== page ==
Speaking of limits, no conversation of 1985 is complete without a mention of the PMRC. Tipper Gore and crew honestly were not a censorship group, although everyone tried to label them so. They were biased, yes, and futilely trying to shield kids from naked genitals and swear words, but they were not censorship freaks. They did not ever want to prohibit any artist from producing anything. But they did want labels to identify possibly objectionable lyrics or material which isn't much different from movie rating systems to tell teenagers which movie they want to sneak into. That's where it gets into a witch hunt because someone has to judge an AC/DC song or a Prince tune as explicit, and that's how these career politicians make their money, an extended argument over nothing that makes them seem useful. They end up debating a paper topic that they invented to debate. Otherwise we could send them home. The PMRC ultimately won and now you see "Explicit Lyrics" stickers on all the popular albums. In fact, kids gravitate towards those as the ones they will probably like. Way to go PMRC! As John Lyndon of The Sex Pistols said, "In a world with major pollution and guns ablaze, they have to pick on someone using foul language." He could've added, "Oh, by the way, your President is enabling genocide in three different countries, he's killing thousands of people as you sit here discussing Motley Crue songs, so Cyndi Lauper's clever reference to playing with her pussy isn't real big priority, understand?"

Topical songs from any era are not uncommon but in 1985 I felt their relevance most strongly and if anything, this activism is what sets this era apart. There was an optimism even in the darkest punk or metal song. Optimism in the face of the evidence while today's pundits and news factories chew up celebrity cellulite and spit out purile and sterilized shit. There is no popular activism today and it's because artists have sold out. They obey the labels, they dance like monkeys, they have talent but they have no opinion on anything that wrinkles anyone's suit. The world is perfect is the mantra of today. Smile, you're on camera.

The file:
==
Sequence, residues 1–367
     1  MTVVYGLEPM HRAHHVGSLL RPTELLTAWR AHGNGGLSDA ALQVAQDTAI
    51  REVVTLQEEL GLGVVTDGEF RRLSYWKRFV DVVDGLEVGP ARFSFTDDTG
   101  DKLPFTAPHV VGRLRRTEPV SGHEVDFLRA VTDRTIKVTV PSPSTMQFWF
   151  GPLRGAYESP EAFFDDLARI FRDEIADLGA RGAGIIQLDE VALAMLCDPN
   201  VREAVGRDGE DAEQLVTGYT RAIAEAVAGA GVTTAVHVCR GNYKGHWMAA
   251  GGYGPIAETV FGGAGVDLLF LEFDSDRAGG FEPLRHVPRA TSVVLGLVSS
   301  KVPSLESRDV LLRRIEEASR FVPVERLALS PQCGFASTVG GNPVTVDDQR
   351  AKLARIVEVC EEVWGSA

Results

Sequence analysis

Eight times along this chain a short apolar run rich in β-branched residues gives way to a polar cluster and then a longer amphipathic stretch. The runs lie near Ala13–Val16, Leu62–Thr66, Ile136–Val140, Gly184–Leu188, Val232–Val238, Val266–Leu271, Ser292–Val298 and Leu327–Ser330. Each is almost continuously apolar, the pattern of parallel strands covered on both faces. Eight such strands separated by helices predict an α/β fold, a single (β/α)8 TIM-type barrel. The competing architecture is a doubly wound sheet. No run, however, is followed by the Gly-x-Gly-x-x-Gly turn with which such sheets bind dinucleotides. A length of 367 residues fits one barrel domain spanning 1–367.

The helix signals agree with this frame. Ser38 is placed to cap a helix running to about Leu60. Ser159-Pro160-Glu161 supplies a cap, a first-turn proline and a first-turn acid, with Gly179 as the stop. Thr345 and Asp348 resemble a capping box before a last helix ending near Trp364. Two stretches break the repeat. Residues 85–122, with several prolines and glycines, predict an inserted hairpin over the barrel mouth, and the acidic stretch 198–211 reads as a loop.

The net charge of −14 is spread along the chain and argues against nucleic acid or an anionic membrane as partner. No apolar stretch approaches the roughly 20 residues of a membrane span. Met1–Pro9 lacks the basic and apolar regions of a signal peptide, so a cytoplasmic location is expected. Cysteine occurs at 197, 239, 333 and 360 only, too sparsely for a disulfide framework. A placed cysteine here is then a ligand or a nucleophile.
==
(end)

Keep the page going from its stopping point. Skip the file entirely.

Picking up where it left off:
Even the credit song of The Breakfast Club by Simple Minds "Don't You (Forget About Me)" seemed like an anthem with a message about something that might relate to me after the movie was over and after I had had passionate dream sex with Ally Sheedy. Other bands boldly wrote albums full of topical/political music such as U2 (Unforgettable Fire 1984) and Dire Straits (Brothers in Arms 1985). This offering by Dire Straits was released in April and it might be the definitive album of 1985 as it covered culture (Brothers in Arms), television (Walk of Life), radio (So Far Away) as well as a broad range of musical styles from rockabilly to blues, to ballad, to doo wop and Everly Brothers melody. No single album is representative of this year, but Brothers is in the conversation as it is phenomenal.

The Ramones notably wrote a song in 1985 called Bonzo goes to Bitburg, about our old friend Reagan visiting a Nazi cemetery in 1985 to put the past (Germany's incineration of 6 million people) behind us on the 40th anniversary of the end of WWII. This isn't surprising when you consider at that very moment Reagan was responsible for his own holocaust in Central America and he would get away with it because he had charm and Americans love charm. I realize it would not do any good to dig up his moldy bones and crush them and feed them to Mayan goats as bread snacks...but that's what I feel Reagan (and those Nazi corpses) deserve. Reagan was not a good American, No, he was principally a Genocidal Fascist who happened to be Pro-America. The Ramones felt the same way at the time and they were an established band willing to get political. Bonzo is a reference to the monkey named Bonzo that Reagan would partner up with in movies from the 1950s. That's right, kids, we elected a genocidal fascist senile monkey actor as President and he thought he could shoot Nuclear missiles out of the sky. I should write a song about that.
does this make me a pundit?

The list goes on and on, established bands with a lot to lose did not hesitate to write songs in defiance of the status quo and they all prospered. John Cougar Mellencamp (Justice and Independence '85), Tears for Fears (Everybody Wants to Rule The World), Bruce Springsteen (Born in The USA), Black Sabbath (Goodbye Blue Sky), Elton John (Nikita), Cyndi Lauper (She Bop), Queen (Hammer to Fall), The Police (One World- Not Three), Kenny Loggins (Hope For The Runaway), Paul McCartney (How Many People). Songs inspired by activism filled the radio at T.V. in 1985. If you were a musician in 1985 then you could not ignore current events. Yes, there were light-hearted songs without much relevance and most were by Bryan Adams or REO Speedwagon, but there were also many many "opinion songs" that demonstrated artists were paying attention. Today, Lorde covers the Tears for Fears tune because I guess we have to go back in time 30 years to be subversive.